From being an advocate to a freedom fighter, the legacy of Mohandas Karamchand Gandhi is nothing short of extraordinary. History remembers him as the man whose unflinching courage and persistence shook the British to the core. His message of peace, forgiveness, tolerance and freedom has never been more relevant than today. Let us take a walk in the shoes of the Mahatma who gave the world the gift of Ahimsa.
On 8th August 1942. Mohandas Karamchand Gandhi addressed the masses from the Gwalior tank maidan in Bombay (now) Mumbai), during a historic session of the All India Congress Committee (AICC). This marked the beginning of Bharat Chhodo Andolan or the Quit India movement.
Cooperation and World War II By 1939, events from other countries had begun to find their resonance in India. The Second World War had broken out and the Indian leaders fully sympathised with the victims of fascist forces. But an enslaved nation could not be drawn into the war.
Britain was pressured by the Allied forces (U.S., USSR and China) to exert its influence and seek Indian cooperation in their war efforts. Upon negotiation, the Indian political leaders agreed to comply. but only if they were guaranteed a complete transfer of power and independence in exchange.
On 8 August 1942, unable to reach a consensus with the imperialists, India's freedom movement headed towards its tumultuous final campaign. The Quit India Movement (also known as August Kranti) saw Gandhiji motivate the populous "to do or die" until the British quit India.
The Britishers ruthless response to this was imprisonment without trial. The entire Congress leadership including Gandhiji was arrested the following morning.
But the fight for liberation continued. The masses took to the streets to protest against the colonisers brutality By now, the freedom movement had inculcated a dominant feeling of oneness in the heart of the average Indian and a unique unity in diversity prevailed.
What followed was the entire country invigorated by the spirit of nationlism looking forward to end of colonial rule with a sense of urgency.
Unity in diversity
"I believe that in the history of the world, there has not been a more genuinely democratic struggle for freedom than ours...Once you realise this you will forget the differences between the Hindus and Muslims. and think of yourselves as Indians only, engaged in the common struggle for independence" (excerpt from the Quit India speech)
The Muslim League led by a Bombay based barrister Mohammad Ali Jinnah propagated the theory that Hindus and Muslims belonged to two different Nations
Gandhiji opposed this idea vehemently. For him, secularism was the foundation of India's freedom movement. He quoted that since ancient times our people have always been sensitive to the fact that the welfare of a society depended on a consensual and accommodative intercommunity network. According to him one's identity is never solely bound to the religion he or she subscribes to.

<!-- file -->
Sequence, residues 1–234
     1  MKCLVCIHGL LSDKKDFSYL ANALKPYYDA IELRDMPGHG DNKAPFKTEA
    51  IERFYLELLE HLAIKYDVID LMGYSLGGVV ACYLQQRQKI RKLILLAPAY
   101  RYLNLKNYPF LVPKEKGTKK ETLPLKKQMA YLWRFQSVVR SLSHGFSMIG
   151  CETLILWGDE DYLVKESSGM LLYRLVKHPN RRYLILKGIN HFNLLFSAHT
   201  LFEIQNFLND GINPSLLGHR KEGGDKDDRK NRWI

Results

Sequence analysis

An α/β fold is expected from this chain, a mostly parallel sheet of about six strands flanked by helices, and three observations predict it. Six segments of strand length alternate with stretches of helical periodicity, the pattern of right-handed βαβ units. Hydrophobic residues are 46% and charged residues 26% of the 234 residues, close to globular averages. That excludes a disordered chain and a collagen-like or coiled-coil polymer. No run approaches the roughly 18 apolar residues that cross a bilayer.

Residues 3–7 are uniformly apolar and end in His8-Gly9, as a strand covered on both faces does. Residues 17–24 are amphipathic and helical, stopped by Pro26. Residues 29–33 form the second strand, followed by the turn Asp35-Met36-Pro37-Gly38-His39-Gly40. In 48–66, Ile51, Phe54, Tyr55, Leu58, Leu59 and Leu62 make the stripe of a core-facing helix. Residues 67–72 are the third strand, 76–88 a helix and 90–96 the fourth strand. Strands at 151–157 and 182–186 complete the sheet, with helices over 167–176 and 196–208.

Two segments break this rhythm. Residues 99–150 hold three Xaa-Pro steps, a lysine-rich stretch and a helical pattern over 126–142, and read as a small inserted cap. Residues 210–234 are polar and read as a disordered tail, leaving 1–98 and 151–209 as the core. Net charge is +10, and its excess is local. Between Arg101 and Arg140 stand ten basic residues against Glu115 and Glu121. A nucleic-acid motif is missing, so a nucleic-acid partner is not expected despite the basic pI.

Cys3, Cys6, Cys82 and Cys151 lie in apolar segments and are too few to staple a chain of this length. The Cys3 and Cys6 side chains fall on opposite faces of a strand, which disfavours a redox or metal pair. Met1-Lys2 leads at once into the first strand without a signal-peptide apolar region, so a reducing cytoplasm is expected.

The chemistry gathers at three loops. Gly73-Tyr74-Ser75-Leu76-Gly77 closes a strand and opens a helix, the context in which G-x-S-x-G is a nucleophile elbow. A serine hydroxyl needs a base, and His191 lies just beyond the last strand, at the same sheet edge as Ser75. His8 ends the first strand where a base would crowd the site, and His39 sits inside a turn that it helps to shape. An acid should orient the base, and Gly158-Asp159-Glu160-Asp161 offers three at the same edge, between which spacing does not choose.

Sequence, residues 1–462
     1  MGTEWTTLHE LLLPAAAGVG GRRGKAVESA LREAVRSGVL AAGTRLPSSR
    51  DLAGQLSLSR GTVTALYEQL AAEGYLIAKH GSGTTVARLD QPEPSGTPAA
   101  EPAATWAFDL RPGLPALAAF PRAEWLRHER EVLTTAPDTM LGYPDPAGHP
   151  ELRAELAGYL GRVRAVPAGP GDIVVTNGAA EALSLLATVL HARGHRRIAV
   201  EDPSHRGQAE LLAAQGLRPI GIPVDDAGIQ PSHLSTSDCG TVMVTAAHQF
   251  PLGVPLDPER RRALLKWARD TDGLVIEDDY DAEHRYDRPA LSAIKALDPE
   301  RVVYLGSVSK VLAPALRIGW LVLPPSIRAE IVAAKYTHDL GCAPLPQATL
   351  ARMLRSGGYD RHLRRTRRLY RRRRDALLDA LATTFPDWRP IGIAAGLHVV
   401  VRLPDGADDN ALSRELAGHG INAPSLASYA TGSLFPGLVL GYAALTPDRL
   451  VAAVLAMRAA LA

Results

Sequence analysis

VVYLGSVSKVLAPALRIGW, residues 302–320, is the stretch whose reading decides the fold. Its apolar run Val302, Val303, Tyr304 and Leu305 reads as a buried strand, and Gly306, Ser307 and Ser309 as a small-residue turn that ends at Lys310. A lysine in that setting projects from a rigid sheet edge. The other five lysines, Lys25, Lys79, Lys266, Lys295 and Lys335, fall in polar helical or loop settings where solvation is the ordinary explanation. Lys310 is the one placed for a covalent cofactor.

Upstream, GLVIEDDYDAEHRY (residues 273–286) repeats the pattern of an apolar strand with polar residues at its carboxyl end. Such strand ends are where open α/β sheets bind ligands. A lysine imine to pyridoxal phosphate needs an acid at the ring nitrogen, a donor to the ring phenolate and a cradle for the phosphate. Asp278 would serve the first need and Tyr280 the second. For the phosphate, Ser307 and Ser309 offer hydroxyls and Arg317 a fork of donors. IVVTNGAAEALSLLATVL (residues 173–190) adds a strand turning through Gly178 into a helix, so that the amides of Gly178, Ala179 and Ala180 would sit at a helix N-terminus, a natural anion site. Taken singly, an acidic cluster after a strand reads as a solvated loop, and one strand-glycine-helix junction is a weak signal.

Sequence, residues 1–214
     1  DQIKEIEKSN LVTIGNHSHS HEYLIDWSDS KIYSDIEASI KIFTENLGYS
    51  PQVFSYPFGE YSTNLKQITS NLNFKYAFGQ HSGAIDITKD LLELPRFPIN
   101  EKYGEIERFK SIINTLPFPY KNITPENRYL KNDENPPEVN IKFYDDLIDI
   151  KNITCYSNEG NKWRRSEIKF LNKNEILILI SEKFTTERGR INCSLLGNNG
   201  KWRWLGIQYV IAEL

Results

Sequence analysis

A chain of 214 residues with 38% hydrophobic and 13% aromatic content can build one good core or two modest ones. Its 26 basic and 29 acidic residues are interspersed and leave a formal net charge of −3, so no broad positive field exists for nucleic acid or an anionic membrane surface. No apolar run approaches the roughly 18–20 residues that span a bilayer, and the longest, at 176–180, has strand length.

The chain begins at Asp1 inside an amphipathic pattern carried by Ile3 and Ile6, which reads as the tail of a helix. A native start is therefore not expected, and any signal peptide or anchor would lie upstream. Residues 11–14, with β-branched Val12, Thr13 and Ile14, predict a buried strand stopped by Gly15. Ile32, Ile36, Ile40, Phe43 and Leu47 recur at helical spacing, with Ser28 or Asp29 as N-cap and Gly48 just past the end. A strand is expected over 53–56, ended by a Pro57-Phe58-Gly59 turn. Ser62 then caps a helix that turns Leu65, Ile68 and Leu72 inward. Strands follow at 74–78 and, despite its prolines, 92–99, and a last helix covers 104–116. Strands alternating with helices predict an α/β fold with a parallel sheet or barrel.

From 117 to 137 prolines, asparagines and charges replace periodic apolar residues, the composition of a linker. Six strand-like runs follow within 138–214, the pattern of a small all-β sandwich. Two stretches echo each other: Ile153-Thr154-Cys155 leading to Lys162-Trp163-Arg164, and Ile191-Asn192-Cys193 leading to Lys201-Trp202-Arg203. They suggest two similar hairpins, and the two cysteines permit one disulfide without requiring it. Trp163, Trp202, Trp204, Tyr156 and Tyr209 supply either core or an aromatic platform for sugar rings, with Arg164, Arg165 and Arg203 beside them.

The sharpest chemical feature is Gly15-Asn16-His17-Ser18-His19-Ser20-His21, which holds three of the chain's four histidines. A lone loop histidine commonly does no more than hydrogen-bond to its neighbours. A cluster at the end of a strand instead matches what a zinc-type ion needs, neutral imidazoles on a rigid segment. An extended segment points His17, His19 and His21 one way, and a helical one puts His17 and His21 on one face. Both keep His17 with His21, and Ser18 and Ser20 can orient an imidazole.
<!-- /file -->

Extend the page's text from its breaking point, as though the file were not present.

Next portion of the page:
The power of ahimsa
7 and my Ahimsa are on our trail today in the present crisis, when the earth is being scorched by the flames of Himsa and crying for deliverance" (Excerpt from the Quit India speech)
Many scholars have drawn a parallel between Gandhiji's practice of ahimsa and the Christian ideology of tuming the other cheek. Historian Mridula Mukherjee looking back at Gandhiji's attempts to put an end to the 1947 Calcutta riots, suggests that his willingness to suffer for the sake of humanity had a tremendous moral appeal that inspired devotion in his followers.
Gandhiji's non-violence was conscious suffering of the flesh that demanded universal love and supported his vision of a free India Author Arundhati Roy calls Ahimsa India's greatest gift to the world.
"Here is a mantra, a short one, that I give you. You may imprint it on your hearts and let every breath of yours give expression to it. The mantra is: Do or Die. We shall either free India or die in the attempt we shall not live to see the perpetuation of our slavery.. "(excerpt from the Quit India speech) Gandhiji's clarion call "Karo ya Maro", "Do or die" set in motion a series of events that finally ended the British Raj in India.
Did you know?
- The iconic 'Quit India' slogan was coined by socialist Congress leader and lesser-known hero of the Indian National movement Yusuf Meher Ali in 1942.
- Historians suggest that the title of Mahatma was bestowed on Gandhiji by Rabindranath Tagore.
- The title of Father of the Nation was given to the Mahatma by Netaji Subhas Chandra Bose.
- Gandhiji was nominated for the Nobel Peace Prize five times but was never bestowed with the honour.
- 0 Gandhiji's birthday (2nd October) is commemorated worldwide as International Day of Non-Violence.
- 30th January the day Gandhiji was assassinated is observed as Martyrs Day or Shaheed Diwas, in India.
Picture Credit : Google